Should a Christian Tithe?

Many Christians struggle with the issue of giving and tithing. Pastors also find it hard to express their own beliefs about the subject. Money-talk in the church can be thorny. It’s easier not to mention money.

Some believe that tithing is biblical. To them, it is the right thing to do as a Christian disciple. Others remind us that the tithe isn’t mentioned in the New Testament at all. Nor is percentage giving.

I’ll be honest with you. Earlier in my life, I felt that teaching tithing was inappropriate. The idea sounded legalistic and in direct contrast with the freedom we have in Jesus Christ.

I have a different perspective now. I believe tithing should be encouraged. Not because it’s biblical. I’ve come to that conclusion because I have witnessed tithing as a joyful expression of faith. Tithing transforms both the tither and the church.

Also, there is just something about ten percent. On the one hand, it’s just an arbitrary number (except for the biblical precedent). On the other hand, the spiritual effect of making that ten percent commitment cannot be understated.

Take a look at this video. It’s long, 15 minutes, but worth every minute.

She doesn’t mention tithing in her presentation. But ask yourself, what causes a 16-year old girl to have that kind of determination and poise? Transformational giving.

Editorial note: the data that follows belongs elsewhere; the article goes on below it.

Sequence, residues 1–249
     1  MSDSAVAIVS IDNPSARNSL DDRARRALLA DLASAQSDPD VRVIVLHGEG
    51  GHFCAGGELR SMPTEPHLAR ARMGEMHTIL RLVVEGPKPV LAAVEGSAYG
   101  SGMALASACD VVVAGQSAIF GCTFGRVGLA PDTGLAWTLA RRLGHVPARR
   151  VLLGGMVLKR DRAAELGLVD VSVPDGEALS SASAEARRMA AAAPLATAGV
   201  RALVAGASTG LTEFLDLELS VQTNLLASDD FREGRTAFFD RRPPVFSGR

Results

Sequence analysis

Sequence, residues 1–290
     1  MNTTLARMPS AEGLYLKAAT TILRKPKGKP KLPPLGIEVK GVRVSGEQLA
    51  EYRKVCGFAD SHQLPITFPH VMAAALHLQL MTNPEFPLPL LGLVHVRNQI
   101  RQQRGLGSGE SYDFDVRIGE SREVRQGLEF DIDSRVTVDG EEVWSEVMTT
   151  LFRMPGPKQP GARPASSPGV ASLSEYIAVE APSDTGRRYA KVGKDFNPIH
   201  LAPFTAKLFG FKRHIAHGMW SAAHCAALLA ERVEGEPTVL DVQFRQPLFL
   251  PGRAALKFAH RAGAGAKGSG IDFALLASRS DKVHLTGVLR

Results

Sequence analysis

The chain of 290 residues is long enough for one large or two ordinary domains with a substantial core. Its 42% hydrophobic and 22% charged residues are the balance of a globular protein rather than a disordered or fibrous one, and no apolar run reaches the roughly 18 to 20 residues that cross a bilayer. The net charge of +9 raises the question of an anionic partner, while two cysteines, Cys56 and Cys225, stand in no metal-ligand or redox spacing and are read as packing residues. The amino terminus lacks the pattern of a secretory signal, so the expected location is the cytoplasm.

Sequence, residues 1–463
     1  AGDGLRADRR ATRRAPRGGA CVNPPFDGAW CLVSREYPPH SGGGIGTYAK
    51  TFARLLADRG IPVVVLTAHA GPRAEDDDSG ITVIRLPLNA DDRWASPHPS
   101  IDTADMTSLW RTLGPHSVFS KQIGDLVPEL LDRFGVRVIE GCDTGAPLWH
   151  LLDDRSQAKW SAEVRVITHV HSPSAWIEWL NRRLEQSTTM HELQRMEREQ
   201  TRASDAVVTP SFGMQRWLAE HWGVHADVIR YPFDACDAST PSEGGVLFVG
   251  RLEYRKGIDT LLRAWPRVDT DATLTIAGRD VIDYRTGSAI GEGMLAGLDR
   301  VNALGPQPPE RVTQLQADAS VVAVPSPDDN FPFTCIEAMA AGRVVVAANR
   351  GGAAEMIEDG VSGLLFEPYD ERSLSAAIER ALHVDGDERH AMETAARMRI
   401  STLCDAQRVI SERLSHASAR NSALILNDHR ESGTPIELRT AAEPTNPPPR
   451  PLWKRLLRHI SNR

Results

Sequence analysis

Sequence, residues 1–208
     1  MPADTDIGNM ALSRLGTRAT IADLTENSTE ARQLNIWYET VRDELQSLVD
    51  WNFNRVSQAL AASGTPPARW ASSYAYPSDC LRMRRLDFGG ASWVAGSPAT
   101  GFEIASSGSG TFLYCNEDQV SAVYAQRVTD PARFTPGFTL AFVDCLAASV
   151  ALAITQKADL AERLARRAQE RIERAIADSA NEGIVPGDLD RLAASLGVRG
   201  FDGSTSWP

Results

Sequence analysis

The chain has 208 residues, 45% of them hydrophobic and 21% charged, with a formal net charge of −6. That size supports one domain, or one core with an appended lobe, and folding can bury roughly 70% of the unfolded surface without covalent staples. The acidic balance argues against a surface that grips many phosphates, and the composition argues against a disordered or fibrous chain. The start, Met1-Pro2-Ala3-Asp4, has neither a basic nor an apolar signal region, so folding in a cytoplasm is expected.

Tithing is a matter of faith. No one commits to tithing from any motivation other than spiritual. The tithers I have met are quiet, unassuming people who demonstrate profound faith because of their commitment. They don’t seek recognition. They already have their reward – the joy of leaning back on God’s goodness and knowing that what God provides is enough.

Find your fellow tithers. Ask them privately to share with you why they tithe. Listen to their testimony, and you’ll hear stories of personal transformation. It’s not about the money – it’s about a relationship with God. It’s about trust and vision and faith formation.

Imagine a tipping point in your church. Imagine 10 percent of your givers tithing. Or 25 percent, or even more. Your congregation will be a transformed. Of course, the additional money will be helpful. More than that, your congregation will be on fire for God, full of the Holy Spirit, and living into the Kingdom of Heaven that Jesus preached about.

2 thoughts on “Should a Christian Tithe?

  1. Can contributions to organizations that feed and shelter the poor, provide support to community arts groups, and other charitable good-works associations outside of the church be considered as part of one’s tithe? I once heard that it could and was termed a ‘modern tithe.’

  2. David, sometimes looking at tithing from a perspective of “the rules” is really an attempt to say, “What’s the minimum I should do?” Isn’t that the opposite of generosity and cheerful giving? There really are no “rules” to follow here. “God loves a cheerful giver” should be a guiding phrase. My own experience of giving is that there is a qualitative difference between giving to my church and giving to other organizations. I believe church giving should be the highest priority. The modern tithe may be a good start for someone: 5% to their church, and 5% to other causes. In almost every case, that will be more generous than their current pattern.

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